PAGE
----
|Gen. Dwight D. Eisenhower, 1952 Campaign Train|
|Warrensburg: Game Cancelled by Polio|
Sept. 19, 1953
The Iola Register
Warrensburg: Game Canceled by Polio WARRENSBURG, Mo. ) — Because of the polio epidemic: here. Central Missouri State College has cancelled its football game with College of Emporia at Emporia, Kas., Friday night. George W. Diemer, president of Central Missouri State, said the game was called off on recommendation of college administrative officers. The players however, will continue practicing in a moderate form for a game next week with St. Benedict's College of Atchison, Kas., at Kansas City. So far 25 polio cases with three deaths have been reported in Warrensburg and Johnson County, but none within the college student body.
1953 Moberly Monitor-Index Thursday, May 28, 1953
Big Sewer Bond Issue Approved In Warrensburg - $1,300,000 Proposal Carries in Spite of Strong Opposition
WARRENSBURG - A 1,300,000 sewer bond issue was approved 1,095 to 669, by voters here yes. The passage of the bond issue by a four-sevenths majority is assured although 42 absentee votes are yet to be counted. Fifty-six votes were rejected in the election. Sewage at Warrensburg now runs into small creeks, without treatment, because the city has no disposal plants. Of the $1,300,000 voted, $500,000 is earmarked for the erection of two treatment plants. Following Polio Epidemic A new drive for sewage facilities: The mayor said the action was began last summer when health authorities said Warrensburg's in-adequate sewage system could have contributed to the polio epidemic which took the lives of three and struck down 20 others.
Polio Survivor - Author- Margaret Dieguez (born Margaret Ann DeBacker) was raised in Warrensburg, Missouri. She has a Bachelor of Arts degree in English from St. Mary College, Leavenworth Kansas and forty-five graduate hours in Education from California State University, Northridge. She has a son Robert Francis and daughter Renee Marie and seven grandchildren. She taught at Our Lady of Lourdes in Tujunga, CA and Quartz Hill High in Quartz Hill, CA. After eight years as a Tupperware manager she worked at College of the Canyons, Valencia, CA as manager of the Career Center. She is now retired and lives in Lancaster, California. The year was 1952.and in one moment that summer my life was changed forever. A dreaded virus was running rampant throughout the United States. Technically called infantile paralysis, this virus was more commonly known as polio. There had been sixty thousand documented cases and three thousand deaths that year, the last big epidemic before Dr. Jonas Salk discovered his vaccine. At fifteen years old I was diagnosed with this disease that the entire United States feared.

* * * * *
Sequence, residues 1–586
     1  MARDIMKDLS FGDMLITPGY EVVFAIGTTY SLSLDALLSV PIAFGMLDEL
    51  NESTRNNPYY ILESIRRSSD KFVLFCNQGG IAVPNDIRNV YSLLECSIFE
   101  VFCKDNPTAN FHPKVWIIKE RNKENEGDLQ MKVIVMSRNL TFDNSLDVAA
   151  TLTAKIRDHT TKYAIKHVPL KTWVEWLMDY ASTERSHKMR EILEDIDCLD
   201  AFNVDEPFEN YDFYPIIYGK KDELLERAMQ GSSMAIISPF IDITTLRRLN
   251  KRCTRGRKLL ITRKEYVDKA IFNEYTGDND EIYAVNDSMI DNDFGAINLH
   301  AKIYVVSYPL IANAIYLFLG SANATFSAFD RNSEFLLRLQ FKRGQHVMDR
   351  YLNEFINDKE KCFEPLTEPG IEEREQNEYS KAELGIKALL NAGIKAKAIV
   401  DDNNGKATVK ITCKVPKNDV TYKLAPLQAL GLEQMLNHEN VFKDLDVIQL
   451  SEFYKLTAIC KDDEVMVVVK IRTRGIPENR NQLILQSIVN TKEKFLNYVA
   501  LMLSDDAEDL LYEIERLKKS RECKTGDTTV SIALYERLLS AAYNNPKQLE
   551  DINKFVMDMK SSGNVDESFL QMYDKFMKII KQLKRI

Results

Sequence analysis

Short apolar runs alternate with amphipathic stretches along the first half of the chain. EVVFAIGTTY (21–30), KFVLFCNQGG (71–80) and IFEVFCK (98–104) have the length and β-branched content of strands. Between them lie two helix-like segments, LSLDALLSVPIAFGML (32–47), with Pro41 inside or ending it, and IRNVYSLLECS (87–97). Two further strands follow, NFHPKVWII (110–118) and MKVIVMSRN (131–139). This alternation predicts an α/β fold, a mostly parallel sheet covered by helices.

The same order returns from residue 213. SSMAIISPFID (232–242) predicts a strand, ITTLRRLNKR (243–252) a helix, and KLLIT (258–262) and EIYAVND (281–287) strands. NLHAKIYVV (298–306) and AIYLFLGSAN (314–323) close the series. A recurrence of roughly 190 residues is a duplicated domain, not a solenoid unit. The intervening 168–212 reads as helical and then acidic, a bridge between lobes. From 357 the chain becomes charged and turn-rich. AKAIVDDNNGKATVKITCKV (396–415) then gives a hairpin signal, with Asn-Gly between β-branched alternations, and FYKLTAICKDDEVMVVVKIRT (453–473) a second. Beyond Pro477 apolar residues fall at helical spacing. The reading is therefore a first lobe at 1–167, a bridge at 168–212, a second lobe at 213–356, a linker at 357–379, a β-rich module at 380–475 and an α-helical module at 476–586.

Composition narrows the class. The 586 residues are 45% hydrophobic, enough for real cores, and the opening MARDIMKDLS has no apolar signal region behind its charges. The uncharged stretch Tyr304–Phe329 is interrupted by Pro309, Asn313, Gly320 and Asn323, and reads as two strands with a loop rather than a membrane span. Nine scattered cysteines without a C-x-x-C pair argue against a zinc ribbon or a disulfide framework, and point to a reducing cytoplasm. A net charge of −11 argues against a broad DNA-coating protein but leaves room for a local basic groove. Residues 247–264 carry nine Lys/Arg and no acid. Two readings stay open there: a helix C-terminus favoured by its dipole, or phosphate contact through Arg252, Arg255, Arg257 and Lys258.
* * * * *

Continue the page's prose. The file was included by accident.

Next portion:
My story is one of finding a way to overcome everyday problems posing monumental obstacles. After forty days in an iron lung; in an isolation ward for five months and eight months of rehabilitation, and being unable to use my arms and legs normally I had many challenges. Learning to walk again I married and had children but soon I was alone raising a six year old son and two year old daughter. It is my belief that my life has been what it was supposed to be. I believe I have lived life to the fullest and for that I am forever grateful for all the amazing people who helped me along the way and the amazing God who made it all possible.